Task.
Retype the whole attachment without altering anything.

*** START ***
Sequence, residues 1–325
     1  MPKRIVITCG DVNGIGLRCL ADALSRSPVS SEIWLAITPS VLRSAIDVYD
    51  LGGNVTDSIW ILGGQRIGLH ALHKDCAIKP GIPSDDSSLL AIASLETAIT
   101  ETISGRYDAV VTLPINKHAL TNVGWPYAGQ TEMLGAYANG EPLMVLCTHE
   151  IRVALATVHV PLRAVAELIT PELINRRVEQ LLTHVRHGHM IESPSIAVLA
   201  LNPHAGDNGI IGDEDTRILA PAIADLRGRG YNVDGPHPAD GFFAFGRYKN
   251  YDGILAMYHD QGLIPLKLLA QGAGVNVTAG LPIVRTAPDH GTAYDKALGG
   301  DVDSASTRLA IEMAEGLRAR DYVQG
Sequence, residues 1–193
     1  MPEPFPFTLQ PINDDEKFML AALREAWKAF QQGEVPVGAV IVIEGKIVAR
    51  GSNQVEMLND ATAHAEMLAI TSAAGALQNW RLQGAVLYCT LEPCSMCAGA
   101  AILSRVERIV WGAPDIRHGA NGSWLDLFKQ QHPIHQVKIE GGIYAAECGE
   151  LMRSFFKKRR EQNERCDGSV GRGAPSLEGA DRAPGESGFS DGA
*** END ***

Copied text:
Sequence, residues 1–325
     1  MPKRIVITCG DVNGIGLRCL ADALSRSPVS SEIWLAITPS VLRSAIDVYD
    51  LGGNVTDSIW ILGGQRIGLH ALHKDCAIKP GIPSDDSSLL AIASLETAIT
   101  ETISGRYDAV VTLPINKHAL TNVGWPYAGQ TEMLGAYANG EPLMVLCTHE
   151  IRVALATVHV PLRAVAELIT PELINRRVEQ LLTHVRHGHM IESPSIAVLA
   201  LNPHAGDNGI IGDEDTRILA PAIADLRGRG YNVDGPHPAD GFFAFGRYKN
   251  YDGILAMYHD QGLIPLKLLA QGAGVNVTAG LPIVRTAPDH GTAYDKALGG
   301  DVDSASTRLA IEMAEGLRAR DYVQG
Sequence, residues 1–193
     1  MPEPFPFTLQ PINDDEKFML AALREAWKAF QQGEVPVGAV IVIEGKIVAR
    51  GSNQVEMLND ATAHAEMLAI TSAAGALQNW RLQGAVLYCT LEPCSMCAGA
   101  AILSRVERIV WGAPDIRHGA NGSWLDLFKQ QHPIHQVKIE GGIYAAECGE
   151  LMRSFFKKRR EQNERCDGSV GRGAPSLEGA DRAPGESGFS DGA